Assessment of cognitive function

All patients were annually followed up with Seoul neuropsychological screening battery. Language function was assessed by Korean version of the Boston Naming Test score. Visuospatial function was assessed by Rey-Osterrieth Complex Figure Test (RCFT) copy score. Memory function was assessed by summing scores of verbal memory (Seoul Verbal Learning Test immediate recall, delayed recall, recognition score) and visual memory tests (RCFT immediate recall, delayed recall, recognition score). Frontal-executive function was assessed by summing scores of category word generation test, phonemic word generation test, and the Stroop color reading test. General cognition was assessed by the Korean version of the Mini-Mental Status Examination (K-MMSE) and the Clinical Dementia Rating-Sum of Boxes (CDR-SOB) test.


Statistical analysis

To evaluate whether APOE genotype affects longitudinal changes in PiB SUVR, lacune number, cortical thickness, or cognitive function, an interaction between participant group (APOE2 carriers, APOE3 homozygotes, or APOE4 carriers) and follow-up time (years) from baseline assessment (group-by-time) was examined with a generalized estimating equation, controlling for age and gender. We further controlled for intracranial volume (ICV) in the analysis of cortical thickness and controlled for education in the analysis of cognitive function. Since the baseline WMH volume was significantly lower in APOE4 carriers, we performed additional analysis after further controlling for the baseline WMH volume. A two-sided p-value < 0.05 was considered statistically significant. All analyses were performed using PASW Statistics 17 software (SPSS Inc., Chicago, IL, USA)

In order to compare cortical thickness topography, we used the Surfstat package created by Dr. Keith Worsley (http://www.math.mcgill.ca/keith/surfstat). Localized cortical thickness differences between APOE2 carriers and APOE3 homozygotes were analyzed using a general linear model (GLM) on a vertex-by-vertex basis. Group-by-time interactions were tested with the GLM mixed effect model for cortical thickness at every vertex accounting for age, gender and ICV effects. The cortical surface model contained 81,924 vertices. Statistical significance for an individual voxel was assumed at a p value less than 0.01 (uncorrected for multiple comparisons).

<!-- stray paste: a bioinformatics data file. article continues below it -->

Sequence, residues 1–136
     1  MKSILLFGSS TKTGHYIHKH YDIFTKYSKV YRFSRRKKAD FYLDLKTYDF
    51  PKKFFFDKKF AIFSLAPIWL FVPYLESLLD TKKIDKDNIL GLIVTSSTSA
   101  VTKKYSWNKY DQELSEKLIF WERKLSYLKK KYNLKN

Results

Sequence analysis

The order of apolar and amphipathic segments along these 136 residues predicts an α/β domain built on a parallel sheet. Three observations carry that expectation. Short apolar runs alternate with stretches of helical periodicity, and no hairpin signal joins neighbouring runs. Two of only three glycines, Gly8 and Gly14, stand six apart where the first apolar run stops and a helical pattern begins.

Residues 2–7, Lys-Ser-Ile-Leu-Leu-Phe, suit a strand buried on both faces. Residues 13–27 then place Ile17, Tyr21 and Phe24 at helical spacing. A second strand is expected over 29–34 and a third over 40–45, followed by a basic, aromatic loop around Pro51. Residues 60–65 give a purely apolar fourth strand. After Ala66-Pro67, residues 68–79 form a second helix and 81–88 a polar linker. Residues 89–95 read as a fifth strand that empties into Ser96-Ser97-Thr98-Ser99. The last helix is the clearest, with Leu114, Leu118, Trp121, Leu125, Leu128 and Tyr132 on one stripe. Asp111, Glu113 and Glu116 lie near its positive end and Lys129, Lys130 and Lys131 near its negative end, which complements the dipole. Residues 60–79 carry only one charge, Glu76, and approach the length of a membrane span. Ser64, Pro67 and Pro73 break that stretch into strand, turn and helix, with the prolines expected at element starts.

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Acknowledgements

This research was supported by National Research Foundation of Korea(NRF) grant funded by the Korea government(MSIP) (NRF-2015R1C1A2A01053281); the Original Technology Research Program for Brain Science through the National Research Foundation of Korea (NRF) funded by the Korean government (MSI P) (2014M3C7A1064752); the Brain Research Program through the National Research Foundation of Korea(NRF) funded by the Ministry of Science, ICT & Future Planning (2016M3C7A1913844); and Korea Ministry of Environment (MOE) as the Environmental Health Action Program (2014001360002).

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Affiliations

  1. Department of Neurology, Chuncheon Sacred Heart Hospital, Hallym University College of Medicine, Chuncheon, Korea

    • Yeo Jin Kim
  2. Department of Neurology, Sungkyunkwan University School of Medicine, Samsung Medical Center, Seoul, Korea

    • Yeo Jin Kim
    • , Sang Won Seo
    • , Seong Beom Park
    • , Juyoun Lee
    • , Young Kyoung Jang
    • , Duk L. Na
    •  & Hee Jin Kim
  3. Neuroscience Center, Samsung Medical Center, Seoul, Korea

    • Yeo Jin Kim
    • , Sang Won Seo
    • , Seong Beom Park
    • , Juyoun Lee
    • , Young Kyoung Jang
    • , Duk L. Na
    •  & Hee Jin Kim
  4. Department of Biomedical Engineering, Hanyang University, Seoul, Korea

    • Jin Ju Yang
    •  & Jong Min Lee
  5. Department of Neurology, Kyung Hee University Hospital, Seoul, Korea

    • Jin San Lee
  6. Department of Neurology, Chungnam National University Hospital, Daejeon, Korea

    • Juyoun Lee
  7. Department of Radiology, Sungkyunkwan University School of Medicine, Samsung Medical Center, Seoul, Korea

    • Sung Tae Kim
  8. Department of Nuclear Medicine, Sungkyunkwan University School of Medicine, Samsung Medical Center, Seoul, Korea

    • Kyung-Han Lee
  9. Department of Neurology, Asan Medical Center, University of Ulsan College of Medicine, Seoul, Korea

    • Jae-Hong Lee
  10. Department of Nuclear Medicine, Asan Medical Center, University of Ulsan College of Medicine, Seoul, Korea

    • Jae Seung Kim
  11. Department of Health Sciences and Technology, SAIHST, Sungkyunkwan University, Seoul, Korea

    • Duk L. Na
  12. Department of Clinical Research Design & Evaluation, SAIHST, Sungkyunkwan University, Seoul, Korea

    • Sang Won Seo

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Contributions

Y.J.K. and H.J.K. wrote the main manuscript text. Y.J.K., S.W.S., D.L.N. and H.J.K. contributed to the study design. S.B.P., J.J.Y. and J.M.L. contributed the analysis of data and prepared the figure. Y.J.K., S.W.S., J.S.L., J.L., Y.K.J., D.L.N. and H.J.K. contributed to interpretation of data and provided critical discussion. S.T.K., K.H.L., J.H.L. and J.S.K. contributed to conceptualization of the study. All authors reviewed the manuscript.

Competing Interests

The authors declare that they have no competing interests.

Corresponding author

Correspondence to Hee Jin Kim.

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DOI

https://doi.org/10.1038/s41598-017-02046-y